The first Vietnam protest I ever participated in was 11 people picketing the old Federal building on McAllister Street in 1964. At that time, only a small minority of population opposed the war. But…

by 1965 hundreds were actively opposing the war
by 1966 thousands were voicing their opposition
by 1967 tens of thousands were in the streets
by 1968 hundreds of thousands were resisting the war in a variety of ways — civil disobediance, GI resistance, draft refusal, economic boycotts, mass marches, nationwide moratoriums, election campaigns. And millions were sending letters, signing petitions, and voting for anti-war candidates.

During the long student strike here at San Francisco State, my guess is that less than 1% of the student body attended planning meetings, passed out leaflets, organized picket lines, and did the other work necessary to call and maintain a strike. And no more than 1500 to 2000 — well under 10% — walked the line, attended the rallies, or marched on the Administration Building. But a clear majority of all the students honored the strike by not attending class.

The Freedom Movement — the “borning movement” — inspired a generation of participatory activism. A particular kind of activism. An activism rooted in community organizing, an activism focused on building popular support through effective education. Media images of the 1960’s are all dramatic protests, clenched fists, massive marches, and great oratory. But that’s just the visible portion of the iceberg. It misses the invisible 5/6ths underneath that made those dramatic moments possible. That invisible 5/6ths is the careful and thoughtful organizing and education performed by grassroots activists.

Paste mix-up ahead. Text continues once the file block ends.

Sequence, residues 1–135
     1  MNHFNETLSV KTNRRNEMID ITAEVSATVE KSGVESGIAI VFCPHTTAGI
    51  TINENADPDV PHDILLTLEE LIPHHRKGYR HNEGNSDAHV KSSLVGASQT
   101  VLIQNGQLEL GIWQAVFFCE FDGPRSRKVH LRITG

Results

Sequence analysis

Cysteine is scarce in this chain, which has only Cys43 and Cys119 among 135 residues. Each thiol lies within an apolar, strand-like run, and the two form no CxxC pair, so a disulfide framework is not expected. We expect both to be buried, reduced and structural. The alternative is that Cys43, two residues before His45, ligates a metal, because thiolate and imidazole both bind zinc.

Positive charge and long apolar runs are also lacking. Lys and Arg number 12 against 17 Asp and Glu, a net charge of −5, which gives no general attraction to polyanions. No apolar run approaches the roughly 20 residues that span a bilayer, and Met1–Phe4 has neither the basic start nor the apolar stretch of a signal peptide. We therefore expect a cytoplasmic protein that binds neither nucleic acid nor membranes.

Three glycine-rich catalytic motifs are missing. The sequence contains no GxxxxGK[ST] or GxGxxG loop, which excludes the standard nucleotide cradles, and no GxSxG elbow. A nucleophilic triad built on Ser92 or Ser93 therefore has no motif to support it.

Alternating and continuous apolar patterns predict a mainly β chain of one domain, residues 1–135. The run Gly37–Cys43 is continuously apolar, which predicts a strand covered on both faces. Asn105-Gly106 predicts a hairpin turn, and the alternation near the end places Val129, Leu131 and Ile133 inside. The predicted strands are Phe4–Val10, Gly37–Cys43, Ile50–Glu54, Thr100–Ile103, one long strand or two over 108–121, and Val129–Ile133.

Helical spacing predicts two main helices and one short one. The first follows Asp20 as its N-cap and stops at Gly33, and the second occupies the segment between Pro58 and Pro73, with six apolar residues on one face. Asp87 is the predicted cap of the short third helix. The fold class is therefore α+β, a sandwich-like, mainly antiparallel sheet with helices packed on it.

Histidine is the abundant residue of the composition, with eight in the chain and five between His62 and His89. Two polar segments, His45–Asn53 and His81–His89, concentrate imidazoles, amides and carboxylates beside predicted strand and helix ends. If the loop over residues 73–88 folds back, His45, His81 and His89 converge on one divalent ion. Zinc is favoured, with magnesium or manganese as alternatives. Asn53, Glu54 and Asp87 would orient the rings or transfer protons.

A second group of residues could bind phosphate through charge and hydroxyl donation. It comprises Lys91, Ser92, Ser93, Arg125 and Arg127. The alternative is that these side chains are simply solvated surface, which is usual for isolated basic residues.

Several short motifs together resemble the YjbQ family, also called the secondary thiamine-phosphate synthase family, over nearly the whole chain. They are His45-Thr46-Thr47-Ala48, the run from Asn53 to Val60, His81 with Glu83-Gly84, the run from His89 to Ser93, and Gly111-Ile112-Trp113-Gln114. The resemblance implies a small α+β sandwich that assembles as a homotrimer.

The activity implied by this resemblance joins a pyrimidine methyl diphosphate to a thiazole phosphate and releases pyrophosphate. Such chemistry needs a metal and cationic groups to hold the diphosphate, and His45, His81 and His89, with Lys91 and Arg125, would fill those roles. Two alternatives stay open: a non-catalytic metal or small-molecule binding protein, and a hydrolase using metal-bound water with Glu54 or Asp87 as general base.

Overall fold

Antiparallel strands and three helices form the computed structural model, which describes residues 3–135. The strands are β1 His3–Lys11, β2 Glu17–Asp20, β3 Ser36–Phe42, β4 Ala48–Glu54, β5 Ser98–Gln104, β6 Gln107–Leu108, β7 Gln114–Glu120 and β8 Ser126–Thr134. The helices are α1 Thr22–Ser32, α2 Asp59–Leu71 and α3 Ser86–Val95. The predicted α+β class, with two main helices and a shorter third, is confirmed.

Stokely Carmichael of SNCC once observed that:

All real education is political. All politics is not necessarily educational, but good politics always is. You can have no serious organizing without serious education. And always, the people will teach you as much as you teach them.

But he wasn’t talking about the standard model of education with a teacher instructing docile students what to think, and they regurgitating pat answers on a test. Nor was he referring to making fiery speechs, shouting slogans to a crowd, peddling newspapers, handing out leaflets, or writing manifestos or position papers — though those activities have their place. He was referring to a kind of education which is mutual and interactive. A kind of education that occurs outside of classrooms and into the communities. A kind of education in which you learn as much — or more — from the people you’re working with than you teach them. A kind of education that is the antithesis of arrogance. A kind of education in which everyone is both teacher and student. A kind of education that understands that ideologic theories always have to be adjusted to the is-ness of real realities.